We all know how Elizabeth Bennet reacted to the Hunsford proposal and how her life progressed in the months following. How did Darcy feel after Elizabeth rejected him and how did he transform into the leading man we all love? (Darcy’s point of view)
Jane Austen Quote: “My real purpose was to see you, and to judge, if I could, whether I might ever hope to make you love me.” (Pride and Prejudice, Chapter 60)
Below is an excerpt:
After his trip to Rosings, Darcy returned to London to collect Georgiana and his servants and they made the journey to Pemberley. Georgiana immediately noticed his sullen mood and uncharacteristic silence. Try as she might, she was quite unsuccessful in all attempts to gain any information from her brother about his trip. She was quite baffled by his behavior since he had mentioned no difficulties or unpleasantness in his letters. During their journey, she frequently expressed her concern about his sullen demeanor and his hesitation to discuss the details of his visit. However, her inquiries were answered with the shortest of responses, revealing only that their aunt and two cousins were much the same as they ever were.
A week after arriving at Pemberley, still having no information about the Rosings visit, she was determined to discover the cause of her brother’s changed demeanor. “Was anyone else in company with you at Rosings?” she inquired.
“Yes, Mr. and Mrs. Collins dined frequently with us – and his cousin,” Darcy replied.
This is the first Georgiana had heard of Mr. Collins’ cousin. “Was the cousin agreeable?” she asked, hoping for additional details.
“Yes, quite agreeable,” he replied, revealing very little information.
She recognized this as her brother’s tactic to end the line of questioning. “What is his name?” she asked, determined to know more.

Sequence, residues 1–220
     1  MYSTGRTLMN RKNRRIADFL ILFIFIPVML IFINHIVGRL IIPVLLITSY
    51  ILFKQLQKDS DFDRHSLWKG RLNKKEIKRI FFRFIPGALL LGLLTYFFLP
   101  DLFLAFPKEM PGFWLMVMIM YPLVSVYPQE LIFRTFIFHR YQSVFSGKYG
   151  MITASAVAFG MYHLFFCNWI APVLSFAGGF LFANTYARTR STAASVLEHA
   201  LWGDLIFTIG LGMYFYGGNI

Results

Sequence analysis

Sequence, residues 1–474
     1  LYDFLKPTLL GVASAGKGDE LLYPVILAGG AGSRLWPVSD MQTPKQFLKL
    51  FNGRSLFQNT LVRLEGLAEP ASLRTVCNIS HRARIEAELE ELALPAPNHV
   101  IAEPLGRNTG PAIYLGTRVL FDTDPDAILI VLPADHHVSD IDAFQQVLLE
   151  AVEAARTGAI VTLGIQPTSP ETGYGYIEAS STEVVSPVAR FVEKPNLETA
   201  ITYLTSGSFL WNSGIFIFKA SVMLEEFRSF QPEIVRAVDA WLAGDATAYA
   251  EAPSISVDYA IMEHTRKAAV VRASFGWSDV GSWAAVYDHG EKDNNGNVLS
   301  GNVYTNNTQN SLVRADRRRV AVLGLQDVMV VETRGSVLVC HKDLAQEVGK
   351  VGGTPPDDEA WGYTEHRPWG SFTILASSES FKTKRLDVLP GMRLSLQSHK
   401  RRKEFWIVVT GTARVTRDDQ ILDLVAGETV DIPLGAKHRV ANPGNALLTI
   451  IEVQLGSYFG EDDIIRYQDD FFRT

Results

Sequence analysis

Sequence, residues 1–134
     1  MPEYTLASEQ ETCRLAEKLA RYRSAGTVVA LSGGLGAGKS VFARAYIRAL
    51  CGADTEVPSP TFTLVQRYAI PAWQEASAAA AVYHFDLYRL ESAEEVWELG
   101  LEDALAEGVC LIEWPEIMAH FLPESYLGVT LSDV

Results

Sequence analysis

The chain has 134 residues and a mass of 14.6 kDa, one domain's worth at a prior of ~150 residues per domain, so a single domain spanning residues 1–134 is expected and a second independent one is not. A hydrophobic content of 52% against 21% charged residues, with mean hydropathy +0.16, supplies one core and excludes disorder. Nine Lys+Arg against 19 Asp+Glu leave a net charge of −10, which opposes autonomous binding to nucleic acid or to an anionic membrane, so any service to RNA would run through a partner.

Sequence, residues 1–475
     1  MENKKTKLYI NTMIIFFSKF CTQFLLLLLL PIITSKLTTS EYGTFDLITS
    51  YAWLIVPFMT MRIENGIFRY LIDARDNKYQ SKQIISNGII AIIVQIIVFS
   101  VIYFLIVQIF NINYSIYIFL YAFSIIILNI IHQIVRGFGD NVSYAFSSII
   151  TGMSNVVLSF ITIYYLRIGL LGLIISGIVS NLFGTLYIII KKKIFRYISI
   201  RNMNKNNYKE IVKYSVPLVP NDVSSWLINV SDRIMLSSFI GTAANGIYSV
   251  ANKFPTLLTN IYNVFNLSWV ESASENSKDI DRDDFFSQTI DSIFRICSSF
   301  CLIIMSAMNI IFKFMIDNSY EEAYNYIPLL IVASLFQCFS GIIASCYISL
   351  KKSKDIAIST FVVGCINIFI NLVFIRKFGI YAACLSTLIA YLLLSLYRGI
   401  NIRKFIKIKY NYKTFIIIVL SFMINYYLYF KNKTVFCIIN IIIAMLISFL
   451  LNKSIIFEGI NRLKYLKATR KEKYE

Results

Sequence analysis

“The cousin is Miss Elizabeth Bennet,” he replied, hesitating for a moment. “I mentioned her in my letters,” he added.
He had mentioned Miss Elizabeth sparingly in his letters and Georgiana was pleased beyond all imaginings to hear him mention her name. “How is Miss Elizabeth? I hope she is enjoying good health,” she pressed on. She recalled his mention of Miss Elizabeth in his letters from Hertfordshire last year and was well pleased that William had continued the connection.
“Yes, she is,” he replied. She waited patiently, offering an expectant expression and he continued. “We were in company on a number of occasions. We walked in the park on most mornings and she played the pianoforte after dinner on a number of evenings.”
She brightened upon hearing this. “That is wonderful news! Why did you not tell me sooner?” she asked feeling relieved.
“Miss Elizabeth is cross with me. She accused me of harming George Wickham,” he explained.
She became instantly alarmed. “Harming him? That is impossible! Does she not know of his history?” How it was even possible that anyone could accuse her brother of harming George Wickham was beyond her comprehension.
He shook his head. “No, indeed, at first she knew only of what Wickham had told her. She believed that I am to blame for his current state of near poverty.”
She was horrified at this reply and it pained her to hear that George had deceived another woman. She was comforted when he told her that he had informed Miss Elizabeth of his past offences against the Darcys. “I am glad that you told Miss Elizabeth. It means that you have formed an attachment to her. I must confess that I had hoped for such an attachment. Everything you told me about her caused me to believe that she would be a most excellent sister!” she told him.
“I must confess that I hoped for the same but it is of no consequence,” he replied, becoming sullen once again.